In light of the above-described technological problems, an object of the present invention is to realize a method for restoring the activity of a catalyst for producing a carbonate ester by a simple technique with no use of a complicated step such as calcining or the like to allow the catalyst to be reusable, and a method for producing a carbonate ester at a high yield by use of the catalyst thus regenerated.

Solution to Problem

In order to solve the above-described problems, the present inventors made studies on, for example, a method by which a catalyst for producing a carbonate ester is separated from a reaction system and washed and purified to regenerate the catalyst. As a result of studying conditions under which the catalyst for producing a carbonate ester is washed as described above, the present inventors have found that the activity of a catalyst may be restored by a simple method of using a predetermined washing agent. The gist of the present invention is as follows.

(1) A method for regenerating a catalyst containing CeO2, the catalyst being usable for a carbonate ester generation reaction of generating a carbonate ester from carbon dioxide and an alcohol, the method comprising:

    • (a) a separation step of separating the catalyst as a crude catalyst from a reaction solution of carbon dioxide and the alcohol, and
    • (b) a catalyst processing step of washing the crude catalyst with a washing alcohol to provide a purified catalyst.

(2) The method for regenerating a catalyst according to (1) above, wherein the catalyst has an average particle diameter of 0.01 to 200 μm.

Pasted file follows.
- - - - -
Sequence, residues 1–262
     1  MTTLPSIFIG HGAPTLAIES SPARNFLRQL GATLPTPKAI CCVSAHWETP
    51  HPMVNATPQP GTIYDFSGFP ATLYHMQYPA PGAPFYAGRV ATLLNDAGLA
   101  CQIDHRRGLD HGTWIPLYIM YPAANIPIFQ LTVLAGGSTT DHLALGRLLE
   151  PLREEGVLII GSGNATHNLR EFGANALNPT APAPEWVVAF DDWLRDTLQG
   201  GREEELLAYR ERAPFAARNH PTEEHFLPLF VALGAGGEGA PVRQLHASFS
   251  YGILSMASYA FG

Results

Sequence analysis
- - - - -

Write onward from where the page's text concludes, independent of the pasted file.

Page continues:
(3) The method for regenerating a catalyst according to (1) or (2) above, wherein the catalyst has a specific surface area of 50 to 200 m2/g.

(4) The method for regenerating a catalyst according to any one of (1) through (3) above, wherein the washing alcohol contains an alcohol of the same type as the alcohol used for the carbonate ester generation reaction.

(5) The method for regenerating a catalyst according to any one of (1) through (4) above, wherein the washing alcohol contains an alcohol having a carbon number of 1 to 4.

(6) The method for regenerating a catalyst according to (5) above, wherein the washing alcohol contains at least one of propanol and butanol.

(7) The method for regenerating a catalyst according to any one of (1) through (6) above, further comprising (c) a recovery step of recovering the washing alcohol used to wash the crude catalyst, wherein the recovered washing alcohol is used for the carbonate ester generation reaction.

(8) The method for regenerating a catalyst according to any one of (1) through (7) above, wherein in (b) the catalyst processing step, the crude catalyst is washed at 0 to 150° C.

(9) The method for regenerating a catalyst according to (8) above, wherein in (b) the catalyst processing step, the crude catalyst is washed at room temperature.

(10) The method for regenerating a catalyst according to any one of (1) through (9) above, wherein in (b) the catalyst processing step, the washing alcohol is of a molar ratio of 1.5 to 10000 with respect to the crude catalyst to be washed.

(11) The method for regenerating a catalyst according to any one of (1) through (10) above, wherein in (b) the catalyst processing step, the crude catalyst is washed for a time period in the range of 1 second to 600 minutes.

(12) The method for regenerating a catalyst according to any one of (1) through (11) above, wherein (b) the catalyst processing step further includes a step of calcining the washed crude catalyst.